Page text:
Gene eating: the truth about diets

On October 19th, Giles Yeo, a Professor of Cambridge University who specialises in the science of diets and weight loss, presented his research in a talk at the Forum. The delivery of which, as well as being informative, was funny and engaging. He broke his talk down into six truths:  

The first truth: it’s not supposed to be easy. If someone is selling you an easy simple way to lose 10 pounds in a week – they’re lying. Weight loss is difficult and for some, their genetics make it even harder. In fact, our body weight can be linked by up to 70% to genetics. Some people’s brains are more sensitive to the signals from food which means they sense less calories being taken in and are driven to eat more. These people have a predisposition to hunger. 

The second truth: eat a little less of everything. Many diets tell you to cut out entire food groups: don’t. Too much of anything is bad, and too little of anything is as well.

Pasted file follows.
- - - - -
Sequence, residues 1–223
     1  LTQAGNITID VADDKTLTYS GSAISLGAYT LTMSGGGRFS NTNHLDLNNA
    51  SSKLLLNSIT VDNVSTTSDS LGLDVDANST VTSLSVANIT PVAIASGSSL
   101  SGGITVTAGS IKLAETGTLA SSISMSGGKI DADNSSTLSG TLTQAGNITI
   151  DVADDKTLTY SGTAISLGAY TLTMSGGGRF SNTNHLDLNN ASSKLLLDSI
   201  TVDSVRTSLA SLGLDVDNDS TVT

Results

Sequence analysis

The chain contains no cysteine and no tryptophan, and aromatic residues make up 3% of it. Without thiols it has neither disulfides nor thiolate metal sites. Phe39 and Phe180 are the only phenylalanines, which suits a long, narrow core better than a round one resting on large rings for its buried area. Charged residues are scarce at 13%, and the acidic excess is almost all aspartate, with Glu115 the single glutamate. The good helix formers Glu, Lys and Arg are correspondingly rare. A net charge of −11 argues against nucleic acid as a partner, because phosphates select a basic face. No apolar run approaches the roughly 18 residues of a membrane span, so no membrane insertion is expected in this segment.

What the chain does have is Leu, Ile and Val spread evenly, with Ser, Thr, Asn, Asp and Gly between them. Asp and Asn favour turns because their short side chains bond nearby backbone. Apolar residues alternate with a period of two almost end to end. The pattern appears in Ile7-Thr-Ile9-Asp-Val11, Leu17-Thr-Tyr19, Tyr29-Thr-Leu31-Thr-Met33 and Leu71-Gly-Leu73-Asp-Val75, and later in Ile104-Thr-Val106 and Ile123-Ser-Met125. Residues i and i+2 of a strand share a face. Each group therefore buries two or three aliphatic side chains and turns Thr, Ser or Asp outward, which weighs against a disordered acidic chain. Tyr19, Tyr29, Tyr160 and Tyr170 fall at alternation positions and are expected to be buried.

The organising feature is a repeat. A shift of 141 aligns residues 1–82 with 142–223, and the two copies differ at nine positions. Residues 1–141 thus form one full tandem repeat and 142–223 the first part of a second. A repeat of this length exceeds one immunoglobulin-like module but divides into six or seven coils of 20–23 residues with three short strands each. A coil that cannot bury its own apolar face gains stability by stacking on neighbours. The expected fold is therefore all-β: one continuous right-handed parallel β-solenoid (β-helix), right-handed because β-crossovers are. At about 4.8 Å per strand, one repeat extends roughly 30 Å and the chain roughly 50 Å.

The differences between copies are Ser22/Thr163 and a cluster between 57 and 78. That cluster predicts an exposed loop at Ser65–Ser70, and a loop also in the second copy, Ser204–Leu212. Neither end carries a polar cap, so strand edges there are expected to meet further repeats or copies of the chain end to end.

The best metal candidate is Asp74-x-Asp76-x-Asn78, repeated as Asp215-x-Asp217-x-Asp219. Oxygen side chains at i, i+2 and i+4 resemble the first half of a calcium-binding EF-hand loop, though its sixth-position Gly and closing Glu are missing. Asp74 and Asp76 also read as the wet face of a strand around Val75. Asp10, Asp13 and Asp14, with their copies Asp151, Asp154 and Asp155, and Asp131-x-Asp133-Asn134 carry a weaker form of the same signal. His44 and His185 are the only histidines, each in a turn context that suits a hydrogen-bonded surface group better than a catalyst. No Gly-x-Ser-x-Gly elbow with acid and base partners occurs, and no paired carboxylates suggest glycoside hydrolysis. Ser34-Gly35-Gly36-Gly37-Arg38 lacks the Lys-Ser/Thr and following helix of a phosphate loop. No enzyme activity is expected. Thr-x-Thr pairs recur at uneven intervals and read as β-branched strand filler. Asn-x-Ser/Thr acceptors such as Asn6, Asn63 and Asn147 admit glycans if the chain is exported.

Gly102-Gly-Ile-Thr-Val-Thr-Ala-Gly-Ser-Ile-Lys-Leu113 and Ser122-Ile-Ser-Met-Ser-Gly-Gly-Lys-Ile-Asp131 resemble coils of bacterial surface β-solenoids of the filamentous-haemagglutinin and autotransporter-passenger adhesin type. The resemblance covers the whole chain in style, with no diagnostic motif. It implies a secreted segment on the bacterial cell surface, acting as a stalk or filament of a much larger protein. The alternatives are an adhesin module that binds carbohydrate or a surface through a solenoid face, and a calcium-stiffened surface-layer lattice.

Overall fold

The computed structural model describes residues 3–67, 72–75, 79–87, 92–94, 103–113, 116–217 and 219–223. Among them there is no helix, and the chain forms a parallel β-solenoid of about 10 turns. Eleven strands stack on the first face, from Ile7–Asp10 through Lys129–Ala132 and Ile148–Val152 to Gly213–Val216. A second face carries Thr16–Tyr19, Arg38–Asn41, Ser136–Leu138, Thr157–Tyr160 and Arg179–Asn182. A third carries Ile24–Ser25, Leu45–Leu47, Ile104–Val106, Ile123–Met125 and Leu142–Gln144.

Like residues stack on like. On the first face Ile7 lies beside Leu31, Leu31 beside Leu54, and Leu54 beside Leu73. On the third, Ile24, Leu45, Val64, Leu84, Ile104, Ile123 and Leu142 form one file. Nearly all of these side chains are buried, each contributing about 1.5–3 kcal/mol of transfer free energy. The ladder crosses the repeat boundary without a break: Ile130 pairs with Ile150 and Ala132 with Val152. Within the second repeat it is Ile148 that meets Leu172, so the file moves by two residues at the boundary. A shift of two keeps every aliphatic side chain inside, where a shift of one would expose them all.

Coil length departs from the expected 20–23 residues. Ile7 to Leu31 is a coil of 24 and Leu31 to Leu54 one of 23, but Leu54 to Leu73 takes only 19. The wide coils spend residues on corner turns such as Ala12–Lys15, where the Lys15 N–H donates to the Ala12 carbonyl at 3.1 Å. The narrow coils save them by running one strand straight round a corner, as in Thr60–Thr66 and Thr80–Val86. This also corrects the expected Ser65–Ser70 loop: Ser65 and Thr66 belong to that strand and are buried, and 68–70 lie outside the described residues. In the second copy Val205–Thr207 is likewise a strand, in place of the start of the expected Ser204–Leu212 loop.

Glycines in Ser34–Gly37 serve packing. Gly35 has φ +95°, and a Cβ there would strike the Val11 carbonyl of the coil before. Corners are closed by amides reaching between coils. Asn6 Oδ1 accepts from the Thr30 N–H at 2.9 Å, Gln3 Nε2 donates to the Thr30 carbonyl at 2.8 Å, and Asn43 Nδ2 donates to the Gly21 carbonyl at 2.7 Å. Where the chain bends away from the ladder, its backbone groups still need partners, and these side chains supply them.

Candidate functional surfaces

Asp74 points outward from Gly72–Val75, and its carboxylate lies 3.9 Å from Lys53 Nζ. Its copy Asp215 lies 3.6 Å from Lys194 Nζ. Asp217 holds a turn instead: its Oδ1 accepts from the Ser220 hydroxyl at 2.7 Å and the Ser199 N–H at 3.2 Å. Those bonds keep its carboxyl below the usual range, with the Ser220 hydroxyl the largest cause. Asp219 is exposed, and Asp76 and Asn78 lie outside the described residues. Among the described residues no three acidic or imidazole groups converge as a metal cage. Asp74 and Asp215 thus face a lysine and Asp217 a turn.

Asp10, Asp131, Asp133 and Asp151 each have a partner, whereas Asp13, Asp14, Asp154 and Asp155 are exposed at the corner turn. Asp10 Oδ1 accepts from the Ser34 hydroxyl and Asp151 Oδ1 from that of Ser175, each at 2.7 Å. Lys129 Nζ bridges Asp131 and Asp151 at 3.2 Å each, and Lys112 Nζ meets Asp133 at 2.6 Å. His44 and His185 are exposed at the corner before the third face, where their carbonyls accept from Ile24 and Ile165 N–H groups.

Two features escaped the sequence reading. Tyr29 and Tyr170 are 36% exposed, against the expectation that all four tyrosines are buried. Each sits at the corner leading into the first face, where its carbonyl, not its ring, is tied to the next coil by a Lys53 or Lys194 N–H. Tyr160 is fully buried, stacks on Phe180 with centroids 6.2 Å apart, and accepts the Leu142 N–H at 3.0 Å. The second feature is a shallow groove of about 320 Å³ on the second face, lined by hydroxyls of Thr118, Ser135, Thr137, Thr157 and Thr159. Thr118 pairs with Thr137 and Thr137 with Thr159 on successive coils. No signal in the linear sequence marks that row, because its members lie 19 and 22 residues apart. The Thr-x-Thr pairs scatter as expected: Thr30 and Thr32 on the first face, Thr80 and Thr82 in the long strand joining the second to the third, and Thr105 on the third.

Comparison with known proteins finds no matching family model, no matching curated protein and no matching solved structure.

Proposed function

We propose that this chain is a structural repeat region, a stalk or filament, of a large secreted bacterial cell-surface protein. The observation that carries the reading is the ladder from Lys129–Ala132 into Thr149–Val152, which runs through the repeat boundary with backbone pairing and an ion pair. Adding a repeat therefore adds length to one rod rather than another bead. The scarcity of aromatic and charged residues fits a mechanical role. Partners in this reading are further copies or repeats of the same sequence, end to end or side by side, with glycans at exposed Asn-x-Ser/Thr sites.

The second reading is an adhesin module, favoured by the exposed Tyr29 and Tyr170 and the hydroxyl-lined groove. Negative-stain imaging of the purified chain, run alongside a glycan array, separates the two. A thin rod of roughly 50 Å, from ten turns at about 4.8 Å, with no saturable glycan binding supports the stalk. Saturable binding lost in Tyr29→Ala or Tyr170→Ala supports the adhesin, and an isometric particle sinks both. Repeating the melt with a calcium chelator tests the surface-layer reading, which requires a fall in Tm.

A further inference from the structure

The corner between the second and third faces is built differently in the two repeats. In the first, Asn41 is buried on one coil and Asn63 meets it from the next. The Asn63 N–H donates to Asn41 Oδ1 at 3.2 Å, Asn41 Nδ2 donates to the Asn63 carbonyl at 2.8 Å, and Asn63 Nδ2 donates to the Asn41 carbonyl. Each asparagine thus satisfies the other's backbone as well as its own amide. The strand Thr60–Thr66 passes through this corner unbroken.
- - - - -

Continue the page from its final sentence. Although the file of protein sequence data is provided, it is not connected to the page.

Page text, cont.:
The third truth: if food takes longer to digest, it makes you feel fuller. Proteins and complex whole grains take longer to digest and release energy more evenly; filling you up until your next meal.  

The fourth truth: don’t blindly count calories. Calories should be treated more as a rough guideline than a blind truth. Some foods are more calorically unavailable than others. Sugar is very calorically available, sweetcorn: not so much. 

The fifth truth: eat more unsaturated fats. Fat doesn’t equal bad. There is actually a link between eating unsaturated fats, such as olive oil and nuts, to lower mortality. 

Finally, truth number six: Don’t fear food. We need to learn to love food again. We need it to live. Find the foods that work for you, and just try to eat slightly less of them than you would like.  

So, what was the answer? What is the ultimate diet that we can all go on and achieve the body of our dreams forever? Well unfortunately, there isn’t one. As Yeo said, our bodies are the result of thousands of micro-decisions we have made over the last couple of years. A diet may make your body smaller in the short term, but as soon as you go off it you will most likely gain the weight back. Learn more about your food and what works for you, and try to be as healthy as you can, while still enjoying the food you’re eating. 

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Jess Scragg

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May 2022
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